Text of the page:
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BIOTRANSFORMATION OF PER- AND POLY-FLUOROALKYL SUBSTANCES IN SOIL USING ENHANCED BIOREMEDIATION METHODS
Stevanoni, J. | CRC Care International Cleanup Conference, 8-12 September, Adelaide, Australia, 20 slides, 2019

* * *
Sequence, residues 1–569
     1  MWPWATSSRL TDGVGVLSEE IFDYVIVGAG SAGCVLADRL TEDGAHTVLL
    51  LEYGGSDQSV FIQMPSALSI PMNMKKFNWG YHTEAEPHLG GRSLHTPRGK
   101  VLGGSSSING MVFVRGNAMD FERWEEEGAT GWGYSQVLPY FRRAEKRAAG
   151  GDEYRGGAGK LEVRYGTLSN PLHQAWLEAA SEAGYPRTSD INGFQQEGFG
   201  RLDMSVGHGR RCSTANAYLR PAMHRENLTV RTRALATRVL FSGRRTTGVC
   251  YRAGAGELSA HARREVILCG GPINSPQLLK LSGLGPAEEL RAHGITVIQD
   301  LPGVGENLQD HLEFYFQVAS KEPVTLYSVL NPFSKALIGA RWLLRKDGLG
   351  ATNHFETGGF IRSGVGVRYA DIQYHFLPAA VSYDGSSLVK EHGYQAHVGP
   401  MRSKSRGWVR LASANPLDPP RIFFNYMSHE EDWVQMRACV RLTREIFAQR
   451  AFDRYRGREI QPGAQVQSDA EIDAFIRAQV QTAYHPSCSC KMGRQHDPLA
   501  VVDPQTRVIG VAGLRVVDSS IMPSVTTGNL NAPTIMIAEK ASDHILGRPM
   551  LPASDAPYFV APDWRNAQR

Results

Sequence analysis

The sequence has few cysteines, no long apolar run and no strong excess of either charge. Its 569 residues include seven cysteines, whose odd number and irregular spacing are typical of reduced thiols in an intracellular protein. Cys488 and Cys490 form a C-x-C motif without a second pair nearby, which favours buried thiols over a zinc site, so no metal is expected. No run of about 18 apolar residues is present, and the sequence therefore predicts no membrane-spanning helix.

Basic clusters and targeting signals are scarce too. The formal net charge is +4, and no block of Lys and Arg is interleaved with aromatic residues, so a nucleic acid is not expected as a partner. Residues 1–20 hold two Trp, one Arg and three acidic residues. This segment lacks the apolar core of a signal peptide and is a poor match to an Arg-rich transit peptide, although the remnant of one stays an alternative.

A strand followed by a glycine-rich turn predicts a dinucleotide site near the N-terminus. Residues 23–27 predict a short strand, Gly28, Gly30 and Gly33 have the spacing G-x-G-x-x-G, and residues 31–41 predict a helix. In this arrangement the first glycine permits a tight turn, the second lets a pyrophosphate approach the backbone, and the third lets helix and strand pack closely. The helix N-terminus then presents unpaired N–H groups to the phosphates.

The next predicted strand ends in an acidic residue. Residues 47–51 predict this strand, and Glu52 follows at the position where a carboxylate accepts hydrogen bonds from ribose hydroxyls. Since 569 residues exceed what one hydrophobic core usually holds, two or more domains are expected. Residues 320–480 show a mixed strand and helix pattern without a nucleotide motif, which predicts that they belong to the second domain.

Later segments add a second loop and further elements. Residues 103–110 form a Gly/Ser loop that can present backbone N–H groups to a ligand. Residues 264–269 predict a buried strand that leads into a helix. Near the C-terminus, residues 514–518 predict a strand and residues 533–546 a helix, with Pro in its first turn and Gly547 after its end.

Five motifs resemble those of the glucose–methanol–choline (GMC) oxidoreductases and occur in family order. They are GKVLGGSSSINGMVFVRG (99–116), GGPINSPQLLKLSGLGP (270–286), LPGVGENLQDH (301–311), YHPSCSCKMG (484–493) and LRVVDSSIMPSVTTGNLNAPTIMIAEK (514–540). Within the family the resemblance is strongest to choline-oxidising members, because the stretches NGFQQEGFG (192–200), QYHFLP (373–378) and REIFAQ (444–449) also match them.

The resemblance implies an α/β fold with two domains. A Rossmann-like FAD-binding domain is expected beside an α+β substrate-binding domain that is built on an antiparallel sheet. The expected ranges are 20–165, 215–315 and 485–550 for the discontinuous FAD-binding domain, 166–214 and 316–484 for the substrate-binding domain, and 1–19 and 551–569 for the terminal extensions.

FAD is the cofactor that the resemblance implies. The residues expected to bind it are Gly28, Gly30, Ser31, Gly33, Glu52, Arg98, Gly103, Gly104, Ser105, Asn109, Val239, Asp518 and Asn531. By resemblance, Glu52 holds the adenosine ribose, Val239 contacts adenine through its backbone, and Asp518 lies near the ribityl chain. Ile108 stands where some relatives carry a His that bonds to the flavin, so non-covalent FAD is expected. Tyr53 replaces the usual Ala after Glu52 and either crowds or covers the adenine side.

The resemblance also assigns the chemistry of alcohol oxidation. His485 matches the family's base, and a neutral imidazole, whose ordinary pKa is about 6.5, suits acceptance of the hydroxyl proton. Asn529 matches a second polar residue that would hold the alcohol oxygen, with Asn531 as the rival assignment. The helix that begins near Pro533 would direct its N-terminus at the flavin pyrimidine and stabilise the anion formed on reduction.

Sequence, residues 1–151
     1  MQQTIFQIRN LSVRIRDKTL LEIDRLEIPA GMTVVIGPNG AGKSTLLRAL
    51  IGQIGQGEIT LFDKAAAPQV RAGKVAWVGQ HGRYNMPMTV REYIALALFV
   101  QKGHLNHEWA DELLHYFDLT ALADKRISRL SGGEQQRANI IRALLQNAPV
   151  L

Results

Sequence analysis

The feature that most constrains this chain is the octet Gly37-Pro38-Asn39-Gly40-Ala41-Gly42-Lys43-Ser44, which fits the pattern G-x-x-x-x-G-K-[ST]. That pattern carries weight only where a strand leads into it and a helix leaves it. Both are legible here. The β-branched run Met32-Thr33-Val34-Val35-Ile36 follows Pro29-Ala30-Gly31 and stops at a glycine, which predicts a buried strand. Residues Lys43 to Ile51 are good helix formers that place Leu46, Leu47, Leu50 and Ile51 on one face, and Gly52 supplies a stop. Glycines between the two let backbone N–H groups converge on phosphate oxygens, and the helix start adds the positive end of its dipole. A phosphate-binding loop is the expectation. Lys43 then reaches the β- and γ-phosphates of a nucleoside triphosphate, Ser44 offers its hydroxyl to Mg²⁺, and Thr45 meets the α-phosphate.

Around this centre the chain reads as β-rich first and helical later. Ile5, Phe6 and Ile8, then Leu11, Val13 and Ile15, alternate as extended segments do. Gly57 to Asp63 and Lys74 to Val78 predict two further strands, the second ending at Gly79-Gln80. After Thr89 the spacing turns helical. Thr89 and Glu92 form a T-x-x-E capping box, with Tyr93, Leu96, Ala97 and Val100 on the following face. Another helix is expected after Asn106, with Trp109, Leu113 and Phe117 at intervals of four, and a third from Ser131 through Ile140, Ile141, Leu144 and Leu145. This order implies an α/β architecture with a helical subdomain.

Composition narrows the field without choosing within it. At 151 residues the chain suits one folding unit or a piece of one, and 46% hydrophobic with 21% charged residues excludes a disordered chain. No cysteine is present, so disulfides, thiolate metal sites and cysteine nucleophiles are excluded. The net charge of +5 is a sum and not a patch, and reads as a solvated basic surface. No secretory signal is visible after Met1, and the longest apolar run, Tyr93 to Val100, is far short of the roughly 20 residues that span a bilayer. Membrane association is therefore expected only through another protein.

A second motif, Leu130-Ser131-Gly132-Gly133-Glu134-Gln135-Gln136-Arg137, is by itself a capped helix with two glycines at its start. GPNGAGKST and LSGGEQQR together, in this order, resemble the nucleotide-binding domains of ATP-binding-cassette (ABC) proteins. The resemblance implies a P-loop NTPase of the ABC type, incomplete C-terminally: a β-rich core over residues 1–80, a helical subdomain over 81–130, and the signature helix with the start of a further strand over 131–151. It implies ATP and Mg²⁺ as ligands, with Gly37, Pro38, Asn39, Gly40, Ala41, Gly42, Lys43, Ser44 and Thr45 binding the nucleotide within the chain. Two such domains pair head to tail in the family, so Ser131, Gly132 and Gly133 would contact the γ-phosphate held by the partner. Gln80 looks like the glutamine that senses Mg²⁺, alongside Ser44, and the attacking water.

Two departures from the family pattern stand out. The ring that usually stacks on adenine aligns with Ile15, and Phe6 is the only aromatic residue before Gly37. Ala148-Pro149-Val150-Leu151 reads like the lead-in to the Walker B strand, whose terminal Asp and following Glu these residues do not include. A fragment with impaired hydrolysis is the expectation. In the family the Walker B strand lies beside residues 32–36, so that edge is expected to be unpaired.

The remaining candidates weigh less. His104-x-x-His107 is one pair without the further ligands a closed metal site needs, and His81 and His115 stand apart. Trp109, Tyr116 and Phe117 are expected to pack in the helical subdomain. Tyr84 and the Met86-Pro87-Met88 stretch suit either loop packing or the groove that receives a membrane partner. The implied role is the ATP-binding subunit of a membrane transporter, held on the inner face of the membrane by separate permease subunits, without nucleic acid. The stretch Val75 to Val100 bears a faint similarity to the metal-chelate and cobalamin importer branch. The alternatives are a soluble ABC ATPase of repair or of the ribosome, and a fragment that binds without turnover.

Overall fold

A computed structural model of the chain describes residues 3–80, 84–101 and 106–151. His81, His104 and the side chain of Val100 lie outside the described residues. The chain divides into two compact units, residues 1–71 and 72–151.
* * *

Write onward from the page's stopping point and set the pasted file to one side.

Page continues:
Sandy clay (A soil) and clay (B soil) soils collected and spiked with AFFF 3M Light Water™ were amended using brown wastes, nutrients, and soil ameliorants to facilitate fungal growth and incubated in 1.5-L Pyrex bioreactors for 41 days. The soil ameliorants comprised equal weights of straw, woodchips and poultry manure and were mixed into the soils at ~40% wet weight to provide a low pH, high oxygen environment to grow fungi. Two bioreactors containing A soil were spiked with a starting concentration of ~106 mg/kg PFOS+PFHxS, and two bioreactors containing B soil were spiked with ~8 mg/kg. All the containers had water-saturated air pumped through the mixture to limit drying and provide oxygen. Samples were collected on days 0, 7, 12, 21, 27, 34, 41 and analyzed for 10 PFAS compounds. White rot fungal hyphae were observed at various times throughout the experiment but were more abundant in A soil. All soils showed an initial PFAS increase, attributed to bacterial precursor transformation. Overall, PFAS in A soils decreased 18-57%. PFOA and PFOS decreased by 53% and 57%, respectively. Trends in B soils increased throughout the 41 days for 7 compounds. From day 12-27, PFHpS, PFHxS, and PFOS decreased by 9%-18%. PFOA decreased by 17%. Differences between the two soils are attributed to differences in oxygen and sorption of enzymes onto the soils and in PFAS concentrations. Soil B did not allow sufficient oxygen for strong fungal activity, allowing bacteria to become dominant. Further research should examine PFAS bioremediation in various soil types, examining both enzyme sorption to soil and the sorption of PFAS to various soil types. http://adelaide2019.cleanupconference.com/wp-content/uploads/2019/09/M32b.pdf



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